By the way, I was prepared to use bacon grease for my cutting oil. They did not have any at Harbor Freight, but Sears had it. So did O'Reilly auto parts, although I'm sure the bacon grease would have been fine.

Thanks for the comments above. I am pleased with how things went this afternoon.
 

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When you get around to the chain tensioners, please note that there are two nuts on each one, and the axle has to be loose. It doesn't take much to break them. That's another one that comes up pretty regularly.
 

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Good point, fridg. It takes very little torque to tighten the jam nut against the larger nut. Hold the big nut with a wrench and use just one finger to tighten the wrench on the jam nut. It won't come loose.
 

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Discussion Starter #11
Actually, I got past that one without any problems. I had a rear flat a while back. Dismounting and remounting the wheel and tensioning the chain went well. I don't recall for sure, but think the manual provides a torque value for the tensioner.
 

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It does. Some people forget to loosen the stop nut, or try to tighten it with the axle too tight. Either will break the studs. They are quite small.
 

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Discussion Starter #13
For mechanical work, which I do not do frequently any more, i don't rely on my memory, but use the manual. As my little mishap last weekend shows, it is still pretty easy to mess up even when following the book. Many years ago I changed the timing belt on a Dodge Caravan, finished the job and loaded the family up for a camping trip. On our way to the state park I was thinking about the job I had done, but could not remember torquing the timing belt tensioner. The van ran well on the trip, but I was still very relieved to look at the Hayne's manual when we got home and see that I checked off on torquing the tensioner. Then I admitted to my wife that I had worried about it all weekend and was afraid I would have to take everything back apart again to verify that I had torqued it.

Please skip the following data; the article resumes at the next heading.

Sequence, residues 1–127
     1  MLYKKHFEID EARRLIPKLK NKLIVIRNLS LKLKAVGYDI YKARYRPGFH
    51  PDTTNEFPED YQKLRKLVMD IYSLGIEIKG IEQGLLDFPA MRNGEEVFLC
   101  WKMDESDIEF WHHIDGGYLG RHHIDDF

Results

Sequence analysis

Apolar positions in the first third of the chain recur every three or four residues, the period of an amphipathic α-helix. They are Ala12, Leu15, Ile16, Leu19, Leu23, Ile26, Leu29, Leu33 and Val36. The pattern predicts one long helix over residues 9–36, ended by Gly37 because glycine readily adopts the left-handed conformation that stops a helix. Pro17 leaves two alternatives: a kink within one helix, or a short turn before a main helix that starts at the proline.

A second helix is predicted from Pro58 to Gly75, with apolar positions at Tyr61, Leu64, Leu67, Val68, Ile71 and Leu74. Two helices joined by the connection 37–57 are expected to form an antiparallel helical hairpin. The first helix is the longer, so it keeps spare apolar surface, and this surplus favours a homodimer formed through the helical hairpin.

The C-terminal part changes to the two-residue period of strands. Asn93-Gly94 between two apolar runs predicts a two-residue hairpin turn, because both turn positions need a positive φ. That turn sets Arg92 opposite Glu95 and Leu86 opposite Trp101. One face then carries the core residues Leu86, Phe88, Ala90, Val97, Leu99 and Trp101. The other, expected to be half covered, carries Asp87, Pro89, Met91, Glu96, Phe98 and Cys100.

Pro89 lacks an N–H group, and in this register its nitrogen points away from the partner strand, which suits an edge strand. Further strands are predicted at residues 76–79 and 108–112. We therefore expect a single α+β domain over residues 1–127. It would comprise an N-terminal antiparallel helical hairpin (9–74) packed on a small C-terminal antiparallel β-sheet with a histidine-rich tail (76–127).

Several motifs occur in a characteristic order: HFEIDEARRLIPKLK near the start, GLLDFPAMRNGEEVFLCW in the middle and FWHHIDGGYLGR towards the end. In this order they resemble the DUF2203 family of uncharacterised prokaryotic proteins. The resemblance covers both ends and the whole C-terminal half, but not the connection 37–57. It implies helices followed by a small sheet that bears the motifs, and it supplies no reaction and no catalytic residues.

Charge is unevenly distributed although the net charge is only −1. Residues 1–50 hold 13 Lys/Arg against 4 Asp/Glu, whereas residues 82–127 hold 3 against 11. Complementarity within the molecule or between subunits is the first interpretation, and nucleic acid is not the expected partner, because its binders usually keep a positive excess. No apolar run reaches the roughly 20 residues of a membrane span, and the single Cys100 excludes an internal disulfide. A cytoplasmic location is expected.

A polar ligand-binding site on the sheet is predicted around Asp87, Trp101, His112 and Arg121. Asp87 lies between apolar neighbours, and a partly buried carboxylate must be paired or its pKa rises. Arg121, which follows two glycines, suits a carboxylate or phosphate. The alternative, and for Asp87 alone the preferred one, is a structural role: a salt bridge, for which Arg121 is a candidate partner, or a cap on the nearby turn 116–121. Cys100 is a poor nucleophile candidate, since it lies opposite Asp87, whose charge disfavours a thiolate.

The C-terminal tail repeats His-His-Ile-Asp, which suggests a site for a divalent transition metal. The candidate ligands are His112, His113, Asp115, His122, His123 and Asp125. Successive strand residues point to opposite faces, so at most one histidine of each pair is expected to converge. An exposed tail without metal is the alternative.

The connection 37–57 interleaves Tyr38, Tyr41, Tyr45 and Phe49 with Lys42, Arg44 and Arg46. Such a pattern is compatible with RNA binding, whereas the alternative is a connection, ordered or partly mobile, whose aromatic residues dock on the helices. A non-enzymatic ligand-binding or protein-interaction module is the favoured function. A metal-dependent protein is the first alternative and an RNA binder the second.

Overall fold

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The first couple times I worked on my Reb, I put the fasteners wherever was handy. After finishing a project and finding a screw on the floor, I ended up taking it apart again to make sure I hadn't forgotten one. Now, I put everything in a plastic tub so I know what I took off.
 

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When in doubt, under-tightening is better than over-tightening. I never "torque" anything except internal engine parts just tighten till it's right. Lots of experience is the best tool you can get.
 

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I finally got around to performing the 600 mile valve clearance check at 698 miles. Following the factory manual, everything came apart just fine and the valve clearances were all in range. But I broke one of the cap bolts at the front of the gas tank when putting things back together. No torque value is specified so I went with the standard 25 foot-pounds for a 10mm bolt. Not a good decision. I should have just made sure it was snug and left it at that. New bolts are on order. Then, while temporarily reinstalling the seats, I found the internal threads on the fender boogered up a little. So instead of riding next weekend, I'll be extracting a broken bolt and chasing threads, after I pick up the tools to do those things. I hope not to do more damage in the process. I always proceed with caution, use the correct tools, and follow the factory procedures, but sometimes that is just not enough to avoid problems. Advice is welcomed.
When dealing with any bolts into aluminum or magnesium you have to be extra careful and torque values are usually in the teens and that would be a slight grunt on the wrist with a short lever. A long handle can be very deceiving.